Free Intro Workout

Leg Press Versus the Barbell Squat

I’ve always looked forward to my strength training workouts but since March and the onset of the pandemic, I’ve anticipated with excitement and cherished my workouts more than ever. Since mid-November, I’ve performed my two weekly strength workouts rotating between our St. Louis Park location and our new Micro Studio in Edina. Starting in February, I’ll start rotating my workouts through all seven of our studios (I love the variety of training in all of our studios, on slightly different equipment, and with our array of trainers). But from November through February, 95% of my workouts will be in SLP and the Micro Studio (during our last shut-down, I was trained “virtually,” in one of these studios).
Below is a clip of the Micro workout that I did yesterday with David. Our equipment at this studio is a collection of one of my all-time favorite lines of equipment, Nautilus Nitro. This equipment is no longer manufactured but we sourced a full line of this equipment in Connecticut, had it completely rebuilt and refurbished, and it functions and looks like new. The design of the pec fly is one of my all-time favorite machines and I’ve wanted to own and train on one since 2002.
My workout was as follows:
  1. Horizontal Calf – 12 reps
  2. Prone Leg Curl – Lift with both legs for 2 seconds and lower with 1 leg for 8 seconds and continue to alternate legs.
  3. Leg Press – 20 reps (no rest)
  4. Leg Extension – 20 reps (as so many of you know, this is a brutally tough combination).
  5. Chest Press – 12 reps (no rest)
  6. Pec Fly – 12 reps (no rest)
  7. Dip – Negative Only
  8. Pullover – 12 reps (no rest)
  9. Chin-up – Negative Only
  10. “MSU Upper Body Finisher” – A series of biceps curl, shoulder press, and push-ups.
  11. Abdominal- 12 reps
  12. Back Extension- 12 reps
As always, the exact design of the workout is not what made it magical. This workout was awesome for the same reasons why all workouts are awesome: I was coached and instructed by a great trainer; I always record the workout and the looming pressure to match my last workouts performance or improve with perfect form is always looming; and most importantly; the intensity was high.
I realize that the workout is a means to an end, not an end in itself. That being said, my workout is still truly the highlight of my day. I hope you look forward to your next workout as much as I look forward to mine (and I encourage you to try a session at our Micro Studio).


Among free-weight exercises, the barbell squat is second in popularity only to the barbell bench press. Power lifters, athletes, and fitness enthusiasts have performed barbell squats for decades. Indeed, many fitness professionals contest that the barbell squat is the single most result producing strength-training exercise for those looking to increase the strength, endurance, and power in the muscles of the hips, buttocks, and thighs. However, a closer examination indicates that the barbell squat has some important limitations. In fact, it is one of the exercises we choose to avoid at Discover Strength.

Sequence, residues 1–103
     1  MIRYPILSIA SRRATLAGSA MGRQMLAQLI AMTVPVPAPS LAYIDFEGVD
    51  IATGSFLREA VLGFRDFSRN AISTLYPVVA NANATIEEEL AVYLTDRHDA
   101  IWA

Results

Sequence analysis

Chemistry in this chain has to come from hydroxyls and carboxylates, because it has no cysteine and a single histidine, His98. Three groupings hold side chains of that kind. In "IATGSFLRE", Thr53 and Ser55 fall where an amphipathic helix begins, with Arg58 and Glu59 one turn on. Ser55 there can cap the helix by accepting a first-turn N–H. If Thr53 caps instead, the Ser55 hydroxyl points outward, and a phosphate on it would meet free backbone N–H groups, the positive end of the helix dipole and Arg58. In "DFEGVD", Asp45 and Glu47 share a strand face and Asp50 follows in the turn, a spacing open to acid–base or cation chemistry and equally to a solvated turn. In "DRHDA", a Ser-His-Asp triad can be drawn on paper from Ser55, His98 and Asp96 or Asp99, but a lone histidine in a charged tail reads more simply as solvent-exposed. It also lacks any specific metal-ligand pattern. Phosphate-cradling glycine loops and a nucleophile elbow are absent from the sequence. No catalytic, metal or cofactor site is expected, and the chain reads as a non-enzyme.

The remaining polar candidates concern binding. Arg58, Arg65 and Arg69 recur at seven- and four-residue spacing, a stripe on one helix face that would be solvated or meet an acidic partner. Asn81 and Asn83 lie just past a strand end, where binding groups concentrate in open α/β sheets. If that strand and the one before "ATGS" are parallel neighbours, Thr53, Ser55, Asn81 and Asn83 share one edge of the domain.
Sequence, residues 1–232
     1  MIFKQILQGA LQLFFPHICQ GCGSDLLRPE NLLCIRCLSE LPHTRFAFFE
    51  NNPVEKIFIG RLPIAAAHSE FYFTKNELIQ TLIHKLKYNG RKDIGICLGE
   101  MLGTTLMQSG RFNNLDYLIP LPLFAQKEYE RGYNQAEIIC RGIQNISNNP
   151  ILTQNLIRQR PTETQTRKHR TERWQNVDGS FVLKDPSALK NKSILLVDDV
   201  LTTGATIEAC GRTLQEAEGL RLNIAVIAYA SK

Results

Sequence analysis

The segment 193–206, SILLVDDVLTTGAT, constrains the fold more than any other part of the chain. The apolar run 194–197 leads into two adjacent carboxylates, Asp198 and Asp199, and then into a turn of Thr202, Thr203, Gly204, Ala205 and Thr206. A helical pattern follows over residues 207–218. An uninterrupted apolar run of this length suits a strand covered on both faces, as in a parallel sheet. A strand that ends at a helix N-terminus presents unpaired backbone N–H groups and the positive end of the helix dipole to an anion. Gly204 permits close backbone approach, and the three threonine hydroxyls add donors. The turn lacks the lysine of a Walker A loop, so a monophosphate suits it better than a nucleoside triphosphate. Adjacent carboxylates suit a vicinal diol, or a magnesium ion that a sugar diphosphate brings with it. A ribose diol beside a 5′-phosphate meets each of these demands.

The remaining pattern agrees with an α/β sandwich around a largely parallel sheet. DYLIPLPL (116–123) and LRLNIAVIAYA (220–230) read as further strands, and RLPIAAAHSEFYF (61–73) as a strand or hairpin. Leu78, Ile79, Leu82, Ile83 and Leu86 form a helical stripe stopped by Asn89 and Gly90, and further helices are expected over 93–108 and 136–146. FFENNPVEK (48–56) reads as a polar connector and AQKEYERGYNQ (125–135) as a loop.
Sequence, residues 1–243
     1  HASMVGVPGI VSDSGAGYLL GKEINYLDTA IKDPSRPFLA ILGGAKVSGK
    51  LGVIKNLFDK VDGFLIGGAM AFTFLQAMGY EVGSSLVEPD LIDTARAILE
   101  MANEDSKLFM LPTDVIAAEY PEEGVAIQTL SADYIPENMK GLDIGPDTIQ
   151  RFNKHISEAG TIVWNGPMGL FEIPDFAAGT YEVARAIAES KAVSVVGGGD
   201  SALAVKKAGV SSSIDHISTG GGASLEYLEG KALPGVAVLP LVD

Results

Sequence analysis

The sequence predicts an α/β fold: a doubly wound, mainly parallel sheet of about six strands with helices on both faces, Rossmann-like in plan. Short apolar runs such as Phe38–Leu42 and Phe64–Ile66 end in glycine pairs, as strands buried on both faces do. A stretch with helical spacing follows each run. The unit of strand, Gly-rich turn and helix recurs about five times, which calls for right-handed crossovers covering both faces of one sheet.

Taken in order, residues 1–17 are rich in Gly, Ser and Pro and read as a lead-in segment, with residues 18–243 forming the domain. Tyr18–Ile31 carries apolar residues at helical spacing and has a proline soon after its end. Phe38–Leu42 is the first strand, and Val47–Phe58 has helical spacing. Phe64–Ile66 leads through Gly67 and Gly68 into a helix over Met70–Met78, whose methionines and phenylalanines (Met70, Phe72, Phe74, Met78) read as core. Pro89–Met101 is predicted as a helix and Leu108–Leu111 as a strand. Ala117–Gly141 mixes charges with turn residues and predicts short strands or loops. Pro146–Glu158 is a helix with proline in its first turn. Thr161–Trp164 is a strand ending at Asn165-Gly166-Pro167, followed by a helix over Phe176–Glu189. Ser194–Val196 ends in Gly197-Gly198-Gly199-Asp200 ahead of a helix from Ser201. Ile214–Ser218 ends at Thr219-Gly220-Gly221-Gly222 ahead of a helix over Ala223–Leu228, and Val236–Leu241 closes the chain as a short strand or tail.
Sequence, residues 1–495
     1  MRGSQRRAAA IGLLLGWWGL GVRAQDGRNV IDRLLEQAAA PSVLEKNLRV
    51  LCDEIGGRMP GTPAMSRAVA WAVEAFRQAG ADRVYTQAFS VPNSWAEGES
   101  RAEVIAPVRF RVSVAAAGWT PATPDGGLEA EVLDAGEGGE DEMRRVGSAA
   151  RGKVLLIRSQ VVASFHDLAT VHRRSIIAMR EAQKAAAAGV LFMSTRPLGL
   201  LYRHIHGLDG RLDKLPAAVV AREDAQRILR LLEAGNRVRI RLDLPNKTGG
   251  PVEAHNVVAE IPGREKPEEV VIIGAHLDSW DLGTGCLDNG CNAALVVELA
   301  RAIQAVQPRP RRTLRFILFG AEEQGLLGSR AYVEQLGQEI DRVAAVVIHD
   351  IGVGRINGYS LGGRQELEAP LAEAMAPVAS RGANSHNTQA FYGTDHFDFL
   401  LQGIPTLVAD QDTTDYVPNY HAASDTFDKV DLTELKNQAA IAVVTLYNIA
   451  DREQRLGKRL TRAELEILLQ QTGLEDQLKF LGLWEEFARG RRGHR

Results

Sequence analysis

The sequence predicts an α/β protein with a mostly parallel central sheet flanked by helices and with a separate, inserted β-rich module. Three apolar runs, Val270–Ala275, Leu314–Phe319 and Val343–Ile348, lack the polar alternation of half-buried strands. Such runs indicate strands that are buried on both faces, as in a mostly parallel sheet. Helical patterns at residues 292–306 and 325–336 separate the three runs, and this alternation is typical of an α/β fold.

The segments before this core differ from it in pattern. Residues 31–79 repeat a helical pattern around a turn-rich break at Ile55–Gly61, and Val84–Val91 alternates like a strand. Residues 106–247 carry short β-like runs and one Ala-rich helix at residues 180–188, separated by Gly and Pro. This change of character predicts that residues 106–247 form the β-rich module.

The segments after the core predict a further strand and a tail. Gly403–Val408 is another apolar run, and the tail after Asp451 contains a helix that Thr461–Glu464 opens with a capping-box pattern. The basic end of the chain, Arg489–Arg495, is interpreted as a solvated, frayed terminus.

Firstly, the “squatting motion,” that is, extending the hip joint while simultaneous extending the knee, is incredibly valuable.
 This movement involves the large muscles of the lower body and is valuable not only for improving strength, but also for providing a cardio-respiratory stimulus and a powerful improvement in resting metabolic rate (the number of calories we burn while we are at rest). One of the primary problems with the barbell squat is this: The barbell squat involves placing a barbell on your back, which vertically compresses the spinal column. In all circumstances, this is dangerous and contributes to the long-term degradation of the spine. Many proponents of the squat contest, “the squat is safe as long as you maintain good form.” However, it is impossible to avoid this dangerous spinal compression; and form has nothing to do with it. The barbell squat is inherently dangerous, even with perfect form.
A properly designed leg press machine eliminates this spinal compression.
A second limitation of the barbell squat is that when training with a high level of intensity, as the trainee approaches muscle failure, the musculature of the lower back serves as a weak link and fatigues or “fails” before the powerful musculature of the buttocks and thighs.
This makes it virtually impossible to apply the intense strength-training stimulus that the glutes and quadriceps require. A properly designed leg press limits the involvement of the lower back and thus insures muscle fatigue of the glutes and quadriceps as the true cause of muscle failure (rather than the musculature of the lower back).
In summary, we prefer intelligently designed leg presses to barbell squats as a leg press insures safer and more intense training for the targeted musculature. And if a leg press isn’t available, a variety of squats or lunges that don’t involve vertically compressing the spine is always preferred.
Side Note: In my four seasons working with the Minnesota Vikings, we never had a single player do a barbell squat.

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